Monday, March 6, 2006

Rock On

What do Layne Staley, Keith Moon, Darrell Abbott, and Sid Vicious all have in common? They, and a host of others, are all rockers who died prematurely either by gunshot or drug overdose. Something called "Blender" lists them, in a feature on AOL, with 46 other performers from the music world who died before their time, occasionally by tragic accident but usually because of unfortunate lifestyle choices.

The Blender feature offers interesting, if sometimes vaguely tasteless, background on each of the fifty.

Of Pots and Kettles

Barbra Streisand takes President Bush to task on her blog for his various offenses against Hollywood liberalism. In the course of her excoriation of the President she implicitly derides him for being dumb, referring mockingly to the "arrogance of this 'C' student."

Her post, unfortunately, contains eleven misspelled words, including four in a single sentence, a rather distinctive intellectual achievement, we think. It makes us wonder what Babs' own college GPA was.

Drudge has the details.

Striving For the Silver

The satirical blog The Onion has the scoop. You read it there first:

WASHINGTON, DC-In a press conference on the steps of the Capitol Monday, Congressional Democrats announced that, despite the scandals plaguing the Republican Party and widespread calls for change in Washington, their party will remain true to its hopeless direction.

"We are entirely capable of bungling this opportunity to regain control of the House and Senate and the trust of the American people," Senate Minority Leader Harry Reid (D-NV) said to scattered applause. "It will take some doing, but we're in this for the long and pointless haul."

"We can lose this," Reid added. "All it takes is a little lack of backbone."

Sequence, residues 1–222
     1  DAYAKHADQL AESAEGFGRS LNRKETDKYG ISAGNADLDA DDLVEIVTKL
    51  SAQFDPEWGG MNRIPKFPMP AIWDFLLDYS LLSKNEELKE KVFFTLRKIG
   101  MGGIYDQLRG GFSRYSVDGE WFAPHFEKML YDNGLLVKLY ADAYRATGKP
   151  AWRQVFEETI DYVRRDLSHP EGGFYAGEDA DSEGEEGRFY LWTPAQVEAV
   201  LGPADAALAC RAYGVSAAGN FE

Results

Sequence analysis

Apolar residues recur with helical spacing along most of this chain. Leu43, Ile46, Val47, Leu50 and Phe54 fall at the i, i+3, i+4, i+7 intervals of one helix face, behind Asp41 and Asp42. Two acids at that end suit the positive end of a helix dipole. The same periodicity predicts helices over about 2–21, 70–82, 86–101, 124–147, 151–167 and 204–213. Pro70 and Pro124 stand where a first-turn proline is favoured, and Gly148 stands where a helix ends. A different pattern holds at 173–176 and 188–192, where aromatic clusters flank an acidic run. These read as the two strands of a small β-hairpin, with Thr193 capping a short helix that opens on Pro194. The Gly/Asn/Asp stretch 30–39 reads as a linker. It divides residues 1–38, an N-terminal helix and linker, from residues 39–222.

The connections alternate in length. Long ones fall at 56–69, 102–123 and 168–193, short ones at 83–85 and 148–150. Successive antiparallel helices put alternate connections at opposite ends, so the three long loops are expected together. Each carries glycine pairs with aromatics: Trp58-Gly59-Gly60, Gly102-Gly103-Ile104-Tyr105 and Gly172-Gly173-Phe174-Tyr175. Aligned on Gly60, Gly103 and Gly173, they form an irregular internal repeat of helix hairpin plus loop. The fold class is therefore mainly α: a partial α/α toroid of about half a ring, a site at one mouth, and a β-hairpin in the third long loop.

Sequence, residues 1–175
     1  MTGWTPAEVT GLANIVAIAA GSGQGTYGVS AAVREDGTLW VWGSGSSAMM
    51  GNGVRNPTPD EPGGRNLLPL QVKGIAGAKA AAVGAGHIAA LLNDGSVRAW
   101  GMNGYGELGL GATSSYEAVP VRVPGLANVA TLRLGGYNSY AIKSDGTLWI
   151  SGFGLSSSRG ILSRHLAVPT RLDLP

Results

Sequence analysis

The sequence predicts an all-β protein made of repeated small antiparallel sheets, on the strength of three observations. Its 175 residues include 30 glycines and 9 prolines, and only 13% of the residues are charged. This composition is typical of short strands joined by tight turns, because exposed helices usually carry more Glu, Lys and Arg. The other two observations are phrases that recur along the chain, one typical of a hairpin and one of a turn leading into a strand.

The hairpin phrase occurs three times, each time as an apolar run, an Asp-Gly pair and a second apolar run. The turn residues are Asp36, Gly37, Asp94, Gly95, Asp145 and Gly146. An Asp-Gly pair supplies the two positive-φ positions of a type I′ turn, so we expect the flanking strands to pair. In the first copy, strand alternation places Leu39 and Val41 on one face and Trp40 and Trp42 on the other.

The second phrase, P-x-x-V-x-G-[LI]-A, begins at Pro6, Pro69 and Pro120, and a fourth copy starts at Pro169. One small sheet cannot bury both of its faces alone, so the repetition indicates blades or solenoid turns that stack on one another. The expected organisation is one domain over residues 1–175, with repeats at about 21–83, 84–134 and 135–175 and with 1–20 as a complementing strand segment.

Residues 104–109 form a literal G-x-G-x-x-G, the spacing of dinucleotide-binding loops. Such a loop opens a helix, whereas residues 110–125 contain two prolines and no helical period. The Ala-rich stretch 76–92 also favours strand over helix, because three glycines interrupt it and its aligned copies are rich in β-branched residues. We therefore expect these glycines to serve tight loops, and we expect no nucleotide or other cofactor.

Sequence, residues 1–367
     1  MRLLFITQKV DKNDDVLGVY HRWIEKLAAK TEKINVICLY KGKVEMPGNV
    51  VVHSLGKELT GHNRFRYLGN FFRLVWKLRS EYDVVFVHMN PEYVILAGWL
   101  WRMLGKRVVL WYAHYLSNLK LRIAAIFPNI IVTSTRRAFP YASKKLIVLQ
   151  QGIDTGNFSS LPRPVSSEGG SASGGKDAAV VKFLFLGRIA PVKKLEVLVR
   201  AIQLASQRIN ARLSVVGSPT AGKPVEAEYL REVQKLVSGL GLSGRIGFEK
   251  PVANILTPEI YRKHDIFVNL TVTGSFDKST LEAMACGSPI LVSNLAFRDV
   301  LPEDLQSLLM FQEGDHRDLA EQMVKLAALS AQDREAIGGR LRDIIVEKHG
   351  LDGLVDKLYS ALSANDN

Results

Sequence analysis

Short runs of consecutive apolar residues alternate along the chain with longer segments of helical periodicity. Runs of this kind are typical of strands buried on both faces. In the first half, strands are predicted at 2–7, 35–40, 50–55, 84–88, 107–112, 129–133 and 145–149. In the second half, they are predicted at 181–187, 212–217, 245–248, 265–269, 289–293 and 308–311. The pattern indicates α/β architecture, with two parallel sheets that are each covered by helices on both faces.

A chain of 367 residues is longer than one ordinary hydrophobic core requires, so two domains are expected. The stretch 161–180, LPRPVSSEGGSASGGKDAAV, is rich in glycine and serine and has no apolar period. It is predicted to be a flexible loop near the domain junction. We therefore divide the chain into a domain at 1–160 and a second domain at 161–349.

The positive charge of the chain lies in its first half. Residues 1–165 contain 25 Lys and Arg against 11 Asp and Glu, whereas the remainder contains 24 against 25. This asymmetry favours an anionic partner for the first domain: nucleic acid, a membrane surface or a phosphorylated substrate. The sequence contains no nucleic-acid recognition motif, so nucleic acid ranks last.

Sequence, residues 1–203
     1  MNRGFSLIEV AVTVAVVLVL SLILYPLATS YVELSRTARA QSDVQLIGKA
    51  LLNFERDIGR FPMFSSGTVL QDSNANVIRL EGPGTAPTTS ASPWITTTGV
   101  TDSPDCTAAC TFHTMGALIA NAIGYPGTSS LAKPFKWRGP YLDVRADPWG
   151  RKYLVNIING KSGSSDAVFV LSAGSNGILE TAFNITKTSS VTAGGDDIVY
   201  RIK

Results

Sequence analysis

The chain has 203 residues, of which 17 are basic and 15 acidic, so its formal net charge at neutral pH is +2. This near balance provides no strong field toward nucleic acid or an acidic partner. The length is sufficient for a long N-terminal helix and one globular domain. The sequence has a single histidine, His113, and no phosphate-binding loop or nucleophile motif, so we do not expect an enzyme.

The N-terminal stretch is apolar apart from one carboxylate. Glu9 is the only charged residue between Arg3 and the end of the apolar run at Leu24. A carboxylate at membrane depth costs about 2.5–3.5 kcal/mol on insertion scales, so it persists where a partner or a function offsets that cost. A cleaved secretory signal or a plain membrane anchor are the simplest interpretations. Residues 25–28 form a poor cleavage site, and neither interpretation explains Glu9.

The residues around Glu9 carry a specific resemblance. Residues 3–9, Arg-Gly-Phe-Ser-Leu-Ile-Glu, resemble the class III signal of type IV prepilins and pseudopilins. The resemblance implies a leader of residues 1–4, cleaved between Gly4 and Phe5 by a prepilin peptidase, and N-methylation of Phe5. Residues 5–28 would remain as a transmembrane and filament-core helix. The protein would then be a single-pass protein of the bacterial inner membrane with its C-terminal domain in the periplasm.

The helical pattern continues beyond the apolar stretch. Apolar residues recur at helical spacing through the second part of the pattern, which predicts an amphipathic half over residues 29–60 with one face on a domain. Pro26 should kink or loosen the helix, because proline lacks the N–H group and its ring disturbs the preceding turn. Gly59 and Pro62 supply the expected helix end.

Despite plummeting poll numbers for the G.O.P nationwide and an upcoming election in which all House seats and 33 Senate seats are up for contention, Democrats pledged to maintain their party's sheepish resignation.

"In times like these, when the American public is palpably dismayed with the political status quo, it is crucial that Democrats remain unfocused and defer to the larger, smarter, and better-equipped Republican machine," House Minority Leader Nancy Pelosi (D-CA) said. "If we play our cards right, we will be intimidated to the point of total paralysis."

Sen. Joe Lieberman (D-CT) cited the Bush Administration's bungled response to Hurricane Katrina as a model for Democrats. "Grandmothers drowning in nursing homes, families losing everything, communities torn apart-and the ruling party just sat and watched," Lieberman said. "I'm here to promise that we Democrats will find a way to let you down just like that."

According to Sen. Ted Kennedy (D-MA), Democrats are not willing to sacrifice their core values-indecision, incoherence, and disorganization-for the sake of short-term electoral gain. "Don't lose faithlessness, Democrats," Kennedy said. "The next election is ours to lose. To those who say we can't, I say: Remember Michael Dukakis. Remember Al Gore. Remember John Kerry."

Kennedy said that, even if the Democrats were to regain the upper hand in the midterm elections, they would still need to agree on a platform and chart a legislative agenda-an obstacle he called "insurmountable."